This article is contributed by guest writer, Emily Parker (author of Catological)
Introducing a New Pet to your Household
Getting a new pet is always exciting. However, it also comes with complications, especially if you’ve already got a furry friend at home. There’s nothing worse than having two pets who don’t get along; it’s like having two best friends who hate each other!
To help make sure this doesn’t happen to you, this article lists some handy hints that will ensure that your new pet gets along fantastically with your existing feline or canine family member.
How to Introduce a New Cat to Your Cat
Cats are notoriously territorial and aloof creatures, so bringing a new kitten or senior cat into your home and into your resident cat’s space can have some challenges.
The most important thing to remember during this time of transition is that you know your cat best. You know whether she is friendly and comfortable with other cats or is more distant or even aggressive. The introduction strategy that you pick should be tailored to suit your existing cat’s personality and needs.
That being said, there are some good general tips that can be tweaked to fit any cat’s personality:
Before you set a single foot out of your door to go pick up your new cat, you need to make sure that your house or apartment is ready.
You should have a new litter box (some cats are happy to share a tray but others aren’t, so buy a new one just in case), toys to entertain your new cat, and a room set up where he or she can spend the night.
This is all fairly typical new pet owner information, but don’t forget to treat your new kitty as well as you did your first adopted fur baby.
It’s essential that the transition into your home goes smoothly for your new cat and that he or she feels safe and comfortable. You want them feeling as content and relaxed as possible before you actually introduce them to your existing cat.
Take Things Slowly
When it comes time for the actual introduction, let your cats sniff at each other through a doorway first.
In the animal kingdom scent is everything, so it’s important for your existing cat to get used to the smell of your new cat, and vice versa.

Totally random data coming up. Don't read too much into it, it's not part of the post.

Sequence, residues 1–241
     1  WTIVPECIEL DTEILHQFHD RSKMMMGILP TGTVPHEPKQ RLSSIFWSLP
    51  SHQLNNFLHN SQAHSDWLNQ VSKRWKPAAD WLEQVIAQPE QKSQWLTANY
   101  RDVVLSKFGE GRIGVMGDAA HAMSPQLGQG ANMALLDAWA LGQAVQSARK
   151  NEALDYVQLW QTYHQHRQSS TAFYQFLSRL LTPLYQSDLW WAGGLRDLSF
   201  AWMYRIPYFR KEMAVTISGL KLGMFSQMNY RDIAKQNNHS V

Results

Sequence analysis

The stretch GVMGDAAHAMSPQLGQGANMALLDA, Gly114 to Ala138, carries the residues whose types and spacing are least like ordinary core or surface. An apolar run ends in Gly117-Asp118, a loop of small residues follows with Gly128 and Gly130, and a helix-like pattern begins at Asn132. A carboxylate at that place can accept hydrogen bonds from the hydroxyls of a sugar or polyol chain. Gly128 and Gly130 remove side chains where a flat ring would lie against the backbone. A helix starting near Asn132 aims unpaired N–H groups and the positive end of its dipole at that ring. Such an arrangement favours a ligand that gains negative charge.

Try keeping your cats in separate rooms and then switching them around so each of them gets to spend some time in a room smelling like the other. This way, they’ll recognize each other’s scents when they meet for the first time and things will go more smoothly.
You can also try the old trick of rubbing each cat with a clean towel and then letting the other cat sniff and inspect it as an introduction.
Make Use of Feeding Time
If your cats are anything like mine, then there’s no time that they’re happier or more content than during feeding time.
If you harness the positive emotions that come with a nice big bowl of cat food and channel them towards your new cat or kitten, then there’s a possibility that a correlation will be formed.
Give Lots of Love
Most cat owners know that cats are actually a lot needier than most people think. They still require lots of love and affection to stay happy.
During the period that you introduce your new cat to your older cat, make sure you still give both of them attention.
If your new cat is a kitten it can be tempting to play with him or her all day and neglect your older cat, but this is a recipe for disaster. Love both of them equally and eventually they’ll learn to love each other!
How to Introduce a New Dog to Your Dog
Dogs are generally more social than cats, but introducing a new dog to your existing pooch can sometimes have unexpected complications.
Listed below are some strategies to combat these difficulties, but keep in mind that as a pet owner no one knows your dog better than you. Pick the strategies that suit his or her personality and attitude to other dogs.
The First Meeting
The first meeting between any two dogs should be heavily supervised, and in the case of introducing a new dog to your existing pet this is especially important.
You can never truly predict how a dog will react to another dog, so both pooches should be leashed during the critical first encounter.
Let the dogs sniff each other and even play together if all seems to be going well, but keep the leashes on.
Keep Interactions Short
For the first few meetings, it’s important to keep interactions between your existing dog and your new dog nice and short.